Brodie Stairs has had some unfinished business to attend to.
In his fourth and final season with the Weyburn Beavers, the Calgary-born right-hander has one thing left on his Western Major Baseball League (WMBL) bucket list and that’s winning a championship.
After winning the division title in his rookie season in 2015, the Beavers were just a win away from making it to the league final. They lost in the East Division final to Regina, who ended up getting swept by Lethbridge in the league championship series.
Stairs is a little older and a little more experienced now, having spent the past two post-secondary seasons with the University of Jamestown, studying business administration while filling a role in the bullpen with the Jimmies. He’s one of eight Canadians on the Beavers’ roster, including University of Calgary product Cam Williams.
The 6-foot-1, 195-pound hurler was recently through his home province with the Beavers and took a moment to answer our “1 Thru 9” questions.
1. What is your walk-up/warm-up tune?
“Gettin’ Warmed Up” by Jason Aldean.
2. What is the best pre-game meal?
The best pre-game meal is, for sure, my host family’s meatballs and rice – shout-out to Lee and Cheryl!
3. Your family sends you a care package. What’s in it?
When I’m at the University of Jamestown in North Dakota, my parents would for sure put some classic Canadian goods in the care package. They usually put some Tim Hortons coffee, ketchup chips and Smarties. They also put in some toiletry stuff in there as well.
— Weyburn Beavers (@BeaversWMBL) June 17, 2017
4. What is your favourite stadium to watch or play baseball in?
Seaman Stadium. It’s great to come back home and be able to have all my family and friends come out and watch. It’s not easy for them to be able to come see me play so going there is awesome. The atmosphere in that stadium is unreal as well. It’s just a great stadium and the fans create a great atmosphere.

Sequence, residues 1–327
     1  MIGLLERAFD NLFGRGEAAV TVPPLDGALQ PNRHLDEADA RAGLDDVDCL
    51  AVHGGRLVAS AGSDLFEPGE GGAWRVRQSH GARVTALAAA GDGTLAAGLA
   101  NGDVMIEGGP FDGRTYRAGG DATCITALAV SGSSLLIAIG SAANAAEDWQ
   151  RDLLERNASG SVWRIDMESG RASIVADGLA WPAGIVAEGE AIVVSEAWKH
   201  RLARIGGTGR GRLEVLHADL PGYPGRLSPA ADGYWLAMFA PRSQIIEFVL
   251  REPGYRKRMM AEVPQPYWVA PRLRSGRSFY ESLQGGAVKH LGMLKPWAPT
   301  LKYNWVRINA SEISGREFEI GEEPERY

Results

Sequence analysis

5. Who has had the biggest influence on you as a baseball player and why?
It’s hard to pick just one person. One guy I have to give a lot of credit to for my success and where I am today is Joe Sergent. He started coaching me when I was 14 and turned me into a ball player I didn’t know existed. He’s the one who got me signed at a school my freshman year and then also got me signed here in Weyburn. I also have to give credit to my parents and the loving support they give me through the highs and lows. I truly can’t thank them enough!
6. Who was the best teammate you’ve ever had and why?
I have to go with Kent Schroter. I met Kent at the University of Vancouver Island during my freshman year and he was on the team, doing a rehab season before going back down south to play. But that guy took me under his wing and showed me a lot about what it takes to be a college pitcher.
7. What is the best thing about playing baseball in the WMBL?
The best part is that every team is different every year. It’s cool to see guys from all over, from different schools and places, coming together for a couple of months to try and win this league. Also, how the league has been getting better and better every year. Guys down south are starting to realize that we have a legit college league with some big-time players and coaches up here.
8. What is your favourite baseball memory?
It has to be going to watch my uncle (Matt Stairs) play with the Philadelphia Phillies in the 2009 World Series against the Yankees. My favourite memory while playing would be winning the East Division in my freshman year with Weyburn. It was unreal being able to accomplish that in my first year in the league.
9. What is the best piece of baseball advice you’ve ever received?
It might sound cliche, but it’s true: don’t take a game for granted. I remember a senior saying that to me during my freshman year and I kind of brushed it off. Now I’m sitting here as a senior telling the young guys out there to seriously not take a game for granted. It goes by quick and you don’t even realize it. Have fun, play the game hard and enjoy it while it lasts. There’s no more satisfying feeling than knowing you gave it everything you possibly could.